View Full Version : New Recoil Pad Worth the $$$

February 6, 2011, 02:41 PM
Several posters having given me a lot of help on different threads and in PMs concerning some pretty nasty problems I was experiencing with recoil, I wanted to let you know (as well as other new shooters with the same problem) that I am doing much better now. (I was really badly beaten up before.)

The reasons for the improvement seem to be that I am holding my 870 better (but still not quire right) and I invested $20 in a Remington SuperCell Recoil Pad. The stock pad is probably fine if you know what you are doing, but the new pad really helped and by cutting down felt recoil I am more likely to hold the 870 firmly against by shoulder. Anyway I wanted to let you know that your advice helped and is helping.

You guys also talked about the effect of adding weight to reduce felt recoil. A guy allowed me to heft his new Citori yesterday and it was certainly different from a short barrel sythetic 870. ( He told me to shoot it but I didn't want to mess with his almost new gun.)

February 6, 2011, 08:46 PM
I'm glad to hear you're coming along............... have you tried the relatively new low/reduced/managed recoil shotshell ammo/loads ?

Winchester Winlite, Remington Managed-Recoil STS, & Federal Premium Vital-Shok are but three available from various sources, like MidwayUSA, etc.


February 6, 2011, 09:24 PM
So far I have shot a few boxes of the Winchester AA low recoil low noise 24 gram stuff. I don't know if I noticed much difference with the old pad, since I also shot some regular 1-18 oz Federals from WalMart, but they were pretty soft with the new pad. In fact, the new pad is working out so well I may not reload my own IF I CAN get a supply of cheap Federal 1 oz 2-3/4 Equivalent stuff from WalMart. Instead of putting the money into reloadingn equipment, I am looking to pick up a long barrel.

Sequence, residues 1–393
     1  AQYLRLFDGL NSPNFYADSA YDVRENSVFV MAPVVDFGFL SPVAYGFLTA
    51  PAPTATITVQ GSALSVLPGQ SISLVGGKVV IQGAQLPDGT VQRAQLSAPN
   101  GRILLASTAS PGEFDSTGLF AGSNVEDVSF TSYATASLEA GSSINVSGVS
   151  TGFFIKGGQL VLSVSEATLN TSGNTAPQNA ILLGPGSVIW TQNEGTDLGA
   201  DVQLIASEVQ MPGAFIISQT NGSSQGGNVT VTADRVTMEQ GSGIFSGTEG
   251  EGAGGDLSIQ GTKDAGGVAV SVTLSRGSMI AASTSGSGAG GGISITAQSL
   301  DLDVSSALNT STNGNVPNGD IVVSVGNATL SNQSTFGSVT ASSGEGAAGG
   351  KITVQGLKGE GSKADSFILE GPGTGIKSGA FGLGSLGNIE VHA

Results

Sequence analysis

February 6, 2011, 09:45 PM
The super cells are very nice, I put a custom stock on and had one put on as well on my one rifle.

February 6, 2011, 11:01 PM
for stock weight in the 870, I've added modeling clay around the head bolt. It is solid weight that doesn't move or create lead dust ( I have a problem with adding lead to the stock).

February 7, 2011, 09:09 AM
Adding weight to light guns that get shot a lot is ALWAYS a good idea - just try to add it in such a way as to attain some form of balance that works for you - too much in the rear and the barrel can feel "whippy", too much in the barrel only area, and it can feel really ponderous trying to move the gun to the birds

February 7, 2011, 09:53 AM
At the tactical shotgun class I recently took the instructor showed us how to push away from your shoulder with your left hand (right-handed shooter) to reduce recoil and recover faster for the next shot. It seemed to help, I fired 150+ shots from my 870 Wingmaster 12-gauge that day and didn't have much if any soreness afterward. Also, I replaced the 40 year old hard rubber pad with a LimbSaver pad a couple of months ago.

February 7, 2011, 01:23 PM
Glad to hear you're coming along ...

Pushing a gun away from your shoulder ....is a really bad fundamental idea ...and will lead to " a lot of misses " .... How or why any certified instructor would recommend that - is beyond me.

Based on what I read - at least 60% of the recoil from a shotgun is absorbed in the wrist - as you fire the gun. Personally, I demonstrate that with new shooters - showing them, shooting a shotgun one handed is easy to do ( it won't knock them over ...) is the point I'm trying to make. But pushing the gun away from your shoulder / or face ....is a poor idea, in my opinion and experience.

February 7, 2011, 01:36 PM
Perhaps I should have been clearer... with your right hand, you pull the gun in, with your left, push it away. If you think about it, once it's against your shoulder, there's really no point pulling it tighter because it only tends to increase the impact of recoil. I think his recommendation makes perfect sense from a physics-oriented point of view, and saw some benefit from doing this in practice.

February 7, 2011, 01:51 PM
Nope, sorry ....we still disagree....